In the span of mere 5-6 years saxophonist Adison Evans has forged a versatile career. Her approach to all genres of popular music and jazz has the same exuberant spirit and impeccable musicianship. Hence she embodies the oft quoted, or rather misquoted, genre defying adage "There are only two kinds of music good and bad" and she definitely plays the good kind.
Evans' debut Hero is a solidly bop based record with a definite soulfulness and an organic vibrancy. On it Evans alternates between baritone and alto saxophones and showcases her arranging and compositional skills.
Songwriter, singer and keyboardist Stevie Wonder's serene and tender "Ribbon In The Sky" transforms into a densely textured and thrilling tune. Drummer Roberto Giaquinto 's sparse and angular beats, together with bassist Dan Chmielinski's dark reverberations form an intriguing and passionate ambience. Pianist Mathis Picard contributes, evocative resonant chords to this sonic framework that coalesces around the main theme. Evans and trumpeter Mat Jodrell overlap short and intense phrases with fervor and lyricism that form the launching point for their respective engaging improvisations. Picard concludes with an intimate and tad melancholic unaccompanied solo that contrasts superbly with the band's preceding rhythmic swagger.
Picard's sparkling lines flow through the core of Evans' introspective and poetic "Never Forget To Say Thank You." In addition to Picard's classically influenced virtuosity and subtle romanticism, this crystalline piece features Evans and Jodrell's elegant and charming flugelhorn/baritone sax duet. The delightful dialogue unfurls with deep and reserved emotion and nimble spontaneity.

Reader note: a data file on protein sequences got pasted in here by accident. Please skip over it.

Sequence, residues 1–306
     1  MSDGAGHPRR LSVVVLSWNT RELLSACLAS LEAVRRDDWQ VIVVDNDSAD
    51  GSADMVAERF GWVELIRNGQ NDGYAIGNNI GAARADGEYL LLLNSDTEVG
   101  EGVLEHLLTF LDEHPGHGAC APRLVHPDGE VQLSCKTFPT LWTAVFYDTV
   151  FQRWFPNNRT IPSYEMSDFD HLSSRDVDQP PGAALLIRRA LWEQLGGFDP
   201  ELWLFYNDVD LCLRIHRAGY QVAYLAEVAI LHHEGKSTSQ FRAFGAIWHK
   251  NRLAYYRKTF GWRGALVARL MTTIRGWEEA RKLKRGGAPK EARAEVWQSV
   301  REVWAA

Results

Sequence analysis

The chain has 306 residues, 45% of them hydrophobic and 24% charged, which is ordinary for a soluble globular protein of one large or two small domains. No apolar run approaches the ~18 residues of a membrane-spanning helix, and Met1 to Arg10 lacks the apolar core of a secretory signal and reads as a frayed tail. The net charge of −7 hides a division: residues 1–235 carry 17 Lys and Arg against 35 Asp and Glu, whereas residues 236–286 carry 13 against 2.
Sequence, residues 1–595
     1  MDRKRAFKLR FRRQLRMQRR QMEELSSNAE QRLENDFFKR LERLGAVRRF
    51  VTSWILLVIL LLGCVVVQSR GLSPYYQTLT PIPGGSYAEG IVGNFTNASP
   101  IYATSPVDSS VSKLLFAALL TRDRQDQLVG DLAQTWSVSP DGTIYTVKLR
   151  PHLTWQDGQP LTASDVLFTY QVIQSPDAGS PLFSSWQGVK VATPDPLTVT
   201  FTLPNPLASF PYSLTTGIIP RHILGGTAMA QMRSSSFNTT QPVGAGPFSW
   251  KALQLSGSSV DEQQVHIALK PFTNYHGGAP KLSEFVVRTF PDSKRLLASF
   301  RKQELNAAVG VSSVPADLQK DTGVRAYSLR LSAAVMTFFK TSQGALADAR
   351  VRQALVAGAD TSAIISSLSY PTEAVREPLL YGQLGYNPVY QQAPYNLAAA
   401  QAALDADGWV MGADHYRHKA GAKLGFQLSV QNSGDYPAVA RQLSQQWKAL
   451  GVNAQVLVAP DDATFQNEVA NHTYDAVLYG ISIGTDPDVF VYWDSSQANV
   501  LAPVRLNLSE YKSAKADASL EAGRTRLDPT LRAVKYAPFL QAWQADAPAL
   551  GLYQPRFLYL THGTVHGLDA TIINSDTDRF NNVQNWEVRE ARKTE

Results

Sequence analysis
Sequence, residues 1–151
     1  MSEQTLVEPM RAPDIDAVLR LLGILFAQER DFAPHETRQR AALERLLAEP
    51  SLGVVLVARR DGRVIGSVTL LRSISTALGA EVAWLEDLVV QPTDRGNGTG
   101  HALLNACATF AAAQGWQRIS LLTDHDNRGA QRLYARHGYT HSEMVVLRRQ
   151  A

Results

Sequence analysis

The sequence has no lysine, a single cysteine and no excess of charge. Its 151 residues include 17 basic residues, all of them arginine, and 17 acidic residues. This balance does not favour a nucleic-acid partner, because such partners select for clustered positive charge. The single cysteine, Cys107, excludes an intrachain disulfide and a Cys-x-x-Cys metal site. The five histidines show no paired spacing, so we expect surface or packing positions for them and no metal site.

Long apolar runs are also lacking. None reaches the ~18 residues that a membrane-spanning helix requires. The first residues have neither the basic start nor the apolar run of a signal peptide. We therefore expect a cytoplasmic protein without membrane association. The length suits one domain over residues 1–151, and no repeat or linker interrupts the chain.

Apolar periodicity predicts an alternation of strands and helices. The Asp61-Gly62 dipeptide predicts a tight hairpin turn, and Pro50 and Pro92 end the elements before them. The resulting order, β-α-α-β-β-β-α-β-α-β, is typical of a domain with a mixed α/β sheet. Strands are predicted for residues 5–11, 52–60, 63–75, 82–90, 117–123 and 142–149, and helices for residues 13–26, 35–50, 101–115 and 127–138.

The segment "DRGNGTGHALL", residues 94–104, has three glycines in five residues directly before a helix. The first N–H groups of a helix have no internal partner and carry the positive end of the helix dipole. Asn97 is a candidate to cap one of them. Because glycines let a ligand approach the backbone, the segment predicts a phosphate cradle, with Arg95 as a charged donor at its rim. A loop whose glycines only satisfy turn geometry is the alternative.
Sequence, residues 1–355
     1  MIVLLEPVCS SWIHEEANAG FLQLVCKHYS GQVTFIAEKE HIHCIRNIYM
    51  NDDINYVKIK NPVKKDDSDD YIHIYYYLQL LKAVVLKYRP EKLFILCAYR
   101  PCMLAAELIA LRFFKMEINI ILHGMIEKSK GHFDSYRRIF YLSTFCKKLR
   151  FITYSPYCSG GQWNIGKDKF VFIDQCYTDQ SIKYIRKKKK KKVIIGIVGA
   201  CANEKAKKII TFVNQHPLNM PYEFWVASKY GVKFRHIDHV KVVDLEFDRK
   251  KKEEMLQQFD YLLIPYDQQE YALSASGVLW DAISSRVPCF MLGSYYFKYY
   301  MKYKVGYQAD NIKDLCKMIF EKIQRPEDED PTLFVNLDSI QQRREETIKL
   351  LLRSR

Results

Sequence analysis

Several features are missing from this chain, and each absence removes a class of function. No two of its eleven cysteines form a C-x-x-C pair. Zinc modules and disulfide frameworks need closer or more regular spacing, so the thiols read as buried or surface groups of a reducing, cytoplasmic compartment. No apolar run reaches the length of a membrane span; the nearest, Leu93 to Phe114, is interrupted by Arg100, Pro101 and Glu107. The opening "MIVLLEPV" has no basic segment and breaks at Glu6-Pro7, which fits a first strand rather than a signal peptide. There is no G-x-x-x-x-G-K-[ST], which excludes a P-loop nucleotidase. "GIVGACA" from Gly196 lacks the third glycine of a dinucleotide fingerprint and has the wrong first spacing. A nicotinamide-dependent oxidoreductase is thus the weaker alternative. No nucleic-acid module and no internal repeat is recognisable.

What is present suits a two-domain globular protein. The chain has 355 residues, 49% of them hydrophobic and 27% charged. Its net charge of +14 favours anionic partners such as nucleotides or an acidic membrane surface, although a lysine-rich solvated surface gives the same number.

Evans has a fluid and assertive tone on the baritone that is simultaneously sensitive yet filled with bravado. The infectious "Dropbear Boogaloo" opens with Chmielinski's funky bass while Giaquinto lays down propulsive beats. Evans takes center stage with an earthy and simmering monologue that is marked by an open, blustery sound laced with vibrato.
Her alto, meanwhile, is supple and muscular as demonstrated on another of her originals "Do What's Best For You." The expressive and cinematic song highlights vocalist Melanie Charles, whose sensual and heartflelt interpretation superbly complements Evans' soaring and acerbic saxophone.
With Hero Adison Evans has made it clear that she is a creatively ambitious and immensely talented unique voice in modern music. This accomplished first release sets the stage for her brilliant future career.
Dropbear Boogaloo; Little Tulip; If Ever I Would Leave You; Blue; The Epicurean;
Open Your Eyes; Ribbon In The Sky; Mama; Respirare; Do What’s Best For You;
Prayer For Yoshi; Never Forget To Say Thank You.
Adison Evans: baritone and alto saxophone; Matthew Jodrell: trumpet and
flugelhorn; Mathis Picard: piano; Dan Chmielinski: bass; Roberto Giaquinto:
drums; Melanie Charles: vocal (4, 8, 10).
A young artist exhibits his work for the first time. An art critic is in attendance. The critic says, "would you like my opinion on your work?" "Yes," says the artist. "It's worthless," says the critic. The artist replies "I know, but tell me anyway."